Spain empties, the islands fill up

“The Canary Islands have an overpopulation problem,” warned the former nationalist president of the Government of the Canary Islands, Paulino Rivero, in a conference on the future of the Islands after the pandemic, which was organized these days by the regional Parliament, which was attended by another ex-president, the socialist Jerónimo Saavedra. “We do not have sufficient capacity to generate economic activity that results in the well-being of all of us who live in the archipelago, a very fragile territory that cannot, under any circumstances, continue to increase its population by 20,000 people a year,” said the man from Tenerife, who called the growth “outrageous.”

The nationalist politician’s wake-up call is by no means trivial. An X-ray of the Canary Islands partly explains the great paradox that the islands endured in times of economic boom: in full succession of tourist records for seven years (2011-2018), receiving from 12 to 16 million visitors a year, it continued to have one of the highest unemployment rates in the country. Just before the pandemic, nearly 20% of the islands’ workforce was unemployed.

The problem is structural and has a lot to do with the constant flow of workers who regularly come to the Islands to earn a living in the service sector. Especially from the Peninsula, but also from Europe. This has been a historical constant since the Canary Islands became a mass tourist destination in the 70s, attracting foreign workers to cover the growing workforce that both the services and construction sectors have demanded. This high demand has attracted such a volume of peninsular or foreign workers that, in the two decades that go from the mid-90s to 2015, the active population of the Canary Islands grew by almost half a million people. Only in crisis years have there been specific setbacks: 34,000 left during the 2008-2014 crisis and about 6,000 have done so during the pandemic year. Vegetative growth does follow the national pattern: it is negative.

A “barbaric” growth, in just 20 years, which has made the Archipelago one of the regions with the highest demographic increase in Europe. And in the first of the country. Thus, while the phenomenon of emptied Spain has emerged with force in the social and political debate, the overpopulated Canary Islands remains in oblivion, with the problems of attention and tension that this great labor flow creates.

This regular immigrant population has also implied an overload on public services (especially health), without being accompanied by an increase in resources due to delays in updating the censuses and in the reform of the financing system itself.

The problem of the strong demographic pressure on the Islands has, without a doubt, a difficult solution. In the parliamentary debate, both former president pointed out two possible ways: the Rivero solution goes through legally complex formulas such as encouraging the hiring of native people on the part of the companies, as he defended during his time at the head of the regional Executive despite supposing a limit to the free movement of people that the European Union requires. The Saavedra solution It happens, however, to promote “education and training.” Ultimately, to create a more qualified society to fill the jobs that end up occupying more competitive workers or with greater availability to move. Although the socialist leader also defended that “immigration is going to be an economic necessity so that the Canaries can maintain their standard of living.”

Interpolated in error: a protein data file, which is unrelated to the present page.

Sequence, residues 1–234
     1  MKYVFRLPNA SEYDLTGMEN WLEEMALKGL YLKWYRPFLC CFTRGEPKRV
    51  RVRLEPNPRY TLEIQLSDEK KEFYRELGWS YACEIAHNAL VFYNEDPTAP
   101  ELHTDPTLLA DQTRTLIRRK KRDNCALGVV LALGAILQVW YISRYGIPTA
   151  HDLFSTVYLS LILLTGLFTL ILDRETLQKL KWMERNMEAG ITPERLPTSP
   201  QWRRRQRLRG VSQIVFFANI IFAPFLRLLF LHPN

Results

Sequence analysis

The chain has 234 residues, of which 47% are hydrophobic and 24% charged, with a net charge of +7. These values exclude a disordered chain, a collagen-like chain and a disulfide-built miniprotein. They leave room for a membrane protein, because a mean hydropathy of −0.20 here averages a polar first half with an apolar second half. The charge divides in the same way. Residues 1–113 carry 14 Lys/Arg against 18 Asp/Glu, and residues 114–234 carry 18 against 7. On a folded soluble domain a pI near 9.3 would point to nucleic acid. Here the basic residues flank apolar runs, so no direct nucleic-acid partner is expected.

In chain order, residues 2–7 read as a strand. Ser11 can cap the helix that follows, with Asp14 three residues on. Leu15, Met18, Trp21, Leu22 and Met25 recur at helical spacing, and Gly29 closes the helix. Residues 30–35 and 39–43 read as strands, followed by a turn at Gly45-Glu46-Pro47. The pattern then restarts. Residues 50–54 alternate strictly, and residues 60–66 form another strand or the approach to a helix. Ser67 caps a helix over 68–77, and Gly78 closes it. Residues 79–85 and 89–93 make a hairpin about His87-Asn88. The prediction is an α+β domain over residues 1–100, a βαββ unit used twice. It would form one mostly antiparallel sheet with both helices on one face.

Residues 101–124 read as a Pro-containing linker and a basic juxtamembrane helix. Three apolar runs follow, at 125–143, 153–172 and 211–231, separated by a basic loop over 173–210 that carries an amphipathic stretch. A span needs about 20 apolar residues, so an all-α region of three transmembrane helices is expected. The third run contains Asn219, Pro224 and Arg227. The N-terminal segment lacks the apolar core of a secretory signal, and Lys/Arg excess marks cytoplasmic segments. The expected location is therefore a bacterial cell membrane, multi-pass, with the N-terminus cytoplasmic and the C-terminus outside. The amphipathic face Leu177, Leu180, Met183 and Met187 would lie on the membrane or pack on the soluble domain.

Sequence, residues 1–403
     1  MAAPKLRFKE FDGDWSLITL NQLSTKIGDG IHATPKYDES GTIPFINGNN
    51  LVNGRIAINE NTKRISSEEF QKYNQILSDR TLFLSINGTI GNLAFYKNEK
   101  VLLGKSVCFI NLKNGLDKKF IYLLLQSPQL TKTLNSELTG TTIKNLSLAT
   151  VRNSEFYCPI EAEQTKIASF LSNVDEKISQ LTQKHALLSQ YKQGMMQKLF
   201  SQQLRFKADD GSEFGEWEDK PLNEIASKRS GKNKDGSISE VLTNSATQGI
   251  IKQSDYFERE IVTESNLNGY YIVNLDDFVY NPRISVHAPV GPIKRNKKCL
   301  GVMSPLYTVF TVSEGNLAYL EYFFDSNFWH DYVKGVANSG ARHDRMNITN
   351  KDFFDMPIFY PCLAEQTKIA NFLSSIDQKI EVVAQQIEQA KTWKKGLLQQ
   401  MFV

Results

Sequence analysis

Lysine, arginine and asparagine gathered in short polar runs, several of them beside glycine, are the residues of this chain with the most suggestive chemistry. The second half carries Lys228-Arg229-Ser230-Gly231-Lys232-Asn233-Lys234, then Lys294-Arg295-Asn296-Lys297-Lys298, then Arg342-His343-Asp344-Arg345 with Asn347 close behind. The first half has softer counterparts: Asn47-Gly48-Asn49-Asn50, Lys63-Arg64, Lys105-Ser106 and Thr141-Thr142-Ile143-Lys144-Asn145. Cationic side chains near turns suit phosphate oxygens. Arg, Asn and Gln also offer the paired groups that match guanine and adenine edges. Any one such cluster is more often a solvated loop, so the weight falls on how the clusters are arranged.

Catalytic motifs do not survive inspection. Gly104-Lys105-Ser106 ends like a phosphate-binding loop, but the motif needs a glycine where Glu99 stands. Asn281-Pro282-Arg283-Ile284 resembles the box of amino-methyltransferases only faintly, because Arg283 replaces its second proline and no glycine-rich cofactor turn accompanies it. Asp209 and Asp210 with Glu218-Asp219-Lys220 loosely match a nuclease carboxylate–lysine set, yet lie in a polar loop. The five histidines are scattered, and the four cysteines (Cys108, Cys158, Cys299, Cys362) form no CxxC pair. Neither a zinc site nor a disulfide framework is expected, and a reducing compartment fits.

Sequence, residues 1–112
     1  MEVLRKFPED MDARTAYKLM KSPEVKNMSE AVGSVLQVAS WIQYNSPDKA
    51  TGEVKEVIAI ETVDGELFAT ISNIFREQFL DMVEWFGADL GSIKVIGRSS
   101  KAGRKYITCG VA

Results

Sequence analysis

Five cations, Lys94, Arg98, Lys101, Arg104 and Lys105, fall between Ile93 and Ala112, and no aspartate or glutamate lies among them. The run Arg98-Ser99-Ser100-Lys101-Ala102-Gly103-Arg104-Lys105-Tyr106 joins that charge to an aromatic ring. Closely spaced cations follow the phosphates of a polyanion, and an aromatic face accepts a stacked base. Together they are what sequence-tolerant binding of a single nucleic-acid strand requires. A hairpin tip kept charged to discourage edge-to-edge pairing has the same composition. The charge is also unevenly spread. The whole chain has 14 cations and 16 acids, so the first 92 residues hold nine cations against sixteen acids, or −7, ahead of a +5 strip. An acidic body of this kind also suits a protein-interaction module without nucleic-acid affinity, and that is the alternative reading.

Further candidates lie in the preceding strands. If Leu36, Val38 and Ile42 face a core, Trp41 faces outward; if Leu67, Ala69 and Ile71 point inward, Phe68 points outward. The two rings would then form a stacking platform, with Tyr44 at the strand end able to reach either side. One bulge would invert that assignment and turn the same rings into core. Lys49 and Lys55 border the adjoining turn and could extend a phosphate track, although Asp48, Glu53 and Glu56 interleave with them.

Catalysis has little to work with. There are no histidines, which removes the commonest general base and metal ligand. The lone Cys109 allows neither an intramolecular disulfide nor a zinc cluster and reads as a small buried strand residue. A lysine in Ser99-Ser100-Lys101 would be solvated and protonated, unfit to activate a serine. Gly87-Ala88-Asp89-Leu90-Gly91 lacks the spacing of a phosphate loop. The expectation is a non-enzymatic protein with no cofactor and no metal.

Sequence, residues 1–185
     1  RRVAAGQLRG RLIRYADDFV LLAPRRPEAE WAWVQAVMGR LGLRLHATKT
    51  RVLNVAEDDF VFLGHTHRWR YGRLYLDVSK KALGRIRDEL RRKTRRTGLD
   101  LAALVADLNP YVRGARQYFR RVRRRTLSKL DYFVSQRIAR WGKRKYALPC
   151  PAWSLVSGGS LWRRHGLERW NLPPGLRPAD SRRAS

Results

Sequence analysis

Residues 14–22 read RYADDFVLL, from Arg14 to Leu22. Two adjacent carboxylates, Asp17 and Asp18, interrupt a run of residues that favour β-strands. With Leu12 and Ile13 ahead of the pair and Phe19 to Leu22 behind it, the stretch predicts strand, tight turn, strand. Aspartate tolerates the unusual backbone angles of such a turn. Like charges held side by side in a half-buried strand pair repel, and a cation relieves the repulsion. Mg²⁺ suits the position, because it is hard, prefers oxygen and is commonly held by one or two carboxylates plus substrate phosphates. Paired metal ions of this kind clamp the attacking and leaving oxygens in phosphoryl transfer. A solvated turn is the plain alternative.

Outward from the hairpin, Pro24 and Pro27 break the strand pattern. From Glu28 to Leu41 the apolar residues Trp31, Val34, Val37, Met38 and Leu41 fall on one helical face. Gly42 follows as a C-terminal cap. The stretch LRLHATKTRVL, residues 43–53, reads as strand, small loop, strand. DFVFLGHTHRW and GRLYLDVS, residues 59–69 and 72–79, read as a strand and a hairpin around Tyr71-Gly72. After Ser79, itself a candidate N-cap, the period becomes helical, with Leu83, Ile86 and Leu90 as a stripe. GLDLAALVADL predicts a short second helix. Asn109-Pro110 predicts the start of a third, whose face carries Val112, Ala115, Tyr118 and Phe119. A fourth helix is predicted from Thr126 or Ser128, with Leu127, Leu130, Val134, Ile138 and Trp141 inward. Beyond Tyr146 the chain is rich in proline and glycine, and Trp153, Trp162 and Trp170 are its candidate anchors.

The President of Parliament, Gustavo Matos, concluded by noting that “we must make the decision of how many we want to be in the Canary Islands”, and agreed with Rivero that with “the current economic model we are not capable of unlimited growth in terms of population.” And that’s actually the quid of the question, that the Canary Islands need to change its current economic model, which presents serious imbalances, to solve its problem of overpopulation.

A crisis structure

Unemployment map. In times of economic normality, the largest pockets of unemployment are concentrated in neighborhoods of the most populated cities in the Canary Islands; and the least, in the main tourist areas. The largest number of foreign residents is also concentrated in them, which highlights the low mobility of the Canarian worker to move to the areas with the highest demand.

Foreign labor. The main foreign workers who have arrived in the Canary Islands in these years have been Italians (there are already more than 50,000 in the Canary Islands), followed by the British (almost 29,000). And just in the last year, the largest regular migration has come from Venezuela (about 20,000). Morocco is the fourth largest emitter of citizens to the Islands (more than 18,000).

Demanding sectors. In one of the peak periods of the Canarian economy, the Islands came to have a construction sector that created more than 140,000 jobs in 2007. Then came the real estate crisis and ended this niche of job creation, which without However, it has managed to grow in times of pandemic. But the greatest demand is in the tourism sector, from which some Canaries exclude themselves (they refuse to be “the waiters of Europe”) or do not finish accessing, largely due to the language barrier.

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